Chicory herb or (Cichorium intybus) is a plant that has been known for its medicinal benefits since the first century A.D. It is a member of the Asteraceae family. A woody stem plant generally identified by it’s stalked crisp leaves, blue flower heads and bitter taste. When flowering, chicory has a tough, grooved, and more or less hairy stem from 10 to 40 inches tall. Chicory flourishes in the wild, as well as in gardens across the globe. It may be found in Europe, the Near East, northern and southern Africa, Australia, New Zealand, and North and South America.
Although Chicory Root is best known for it’s combination with coffee but it is also effective in disorders of the kidneys, liver, urinary organs, stomach and the spleen. Uses include the treatment of gallstones, gout, rheumatism and jaundice. In addition, it has been used to settle upset stomachs and eliminating morbid matter from the body while acting as a tonic for the whole system.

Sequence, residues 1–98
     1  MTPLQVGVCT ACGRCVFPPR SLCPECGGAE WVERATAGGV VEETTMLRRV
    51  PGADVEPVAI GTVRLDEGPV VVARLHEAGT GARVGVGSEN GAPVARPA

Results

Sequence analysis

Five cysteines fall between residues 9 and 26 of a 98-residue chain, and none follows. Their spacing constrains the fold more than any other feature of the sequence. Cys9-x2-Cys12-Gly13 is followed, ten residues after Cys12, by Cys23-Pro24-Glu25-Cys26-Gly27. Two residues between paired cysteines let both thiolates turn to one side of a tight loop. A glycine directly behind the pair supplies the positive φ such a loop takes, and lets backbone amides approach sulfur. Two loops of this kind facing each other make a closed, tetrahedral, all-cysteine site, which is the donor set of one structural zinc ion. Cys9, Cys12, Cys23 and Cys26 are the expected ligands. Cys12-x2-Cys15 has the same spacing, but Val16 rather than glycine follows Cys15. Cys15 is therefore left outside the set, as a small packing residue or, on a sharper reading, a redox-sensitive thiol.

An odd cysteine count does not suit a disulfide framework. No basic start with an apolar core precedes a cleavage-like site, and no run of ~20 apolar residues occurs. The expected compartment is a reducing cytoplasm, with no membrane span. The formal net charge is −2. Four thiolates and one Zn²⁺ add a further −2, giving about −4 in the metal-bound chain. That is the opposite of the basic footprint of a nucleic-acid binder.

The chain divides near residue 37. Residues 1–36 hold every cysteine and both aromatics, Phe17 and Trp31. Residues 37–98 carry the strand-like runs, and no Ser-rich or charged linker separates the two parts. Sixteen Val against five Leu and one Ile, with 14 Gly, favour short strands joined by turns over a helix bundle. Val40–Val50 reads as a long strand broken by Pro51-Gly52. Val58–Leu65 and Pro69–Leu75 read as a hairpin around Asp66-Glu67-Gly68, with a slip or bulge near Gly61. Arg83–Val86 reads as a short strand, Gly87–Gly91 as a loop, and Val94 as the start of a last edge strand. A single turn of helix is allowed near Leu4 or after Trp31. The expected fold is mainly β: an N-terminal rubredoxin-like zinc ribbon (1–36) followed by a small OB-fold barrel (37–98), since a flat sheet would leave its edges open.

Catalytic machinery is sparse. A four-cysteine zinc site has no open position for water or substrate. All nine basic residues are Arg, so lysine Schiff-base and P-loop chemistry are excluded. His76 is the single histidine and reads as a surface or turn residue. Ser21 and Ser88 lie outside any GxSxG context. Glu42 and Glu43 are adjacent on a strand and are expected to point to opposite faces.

Chicory herb is available at grocery outlets as green leaves or dried roots. To prepare the herb as a tea steep 1 tsp rootstock or dried herb with 0.5 cup water and strain after 10 minutes. To treat jaundice, spleen problems, gallstones, or gastritis, drink 8-12 oz (225-350 ml) of chicory tea per day.
Chicory leaves of the common garden endive are most often enjoyed in salads.Chicory has shown to be safe for a variety of medicinal uses and as a food source. There are no known precautions to observe when including the herb in one’s diet.
Other Common names of chicory include: Succory, wild chicory, garden edive, garden chicory and endive.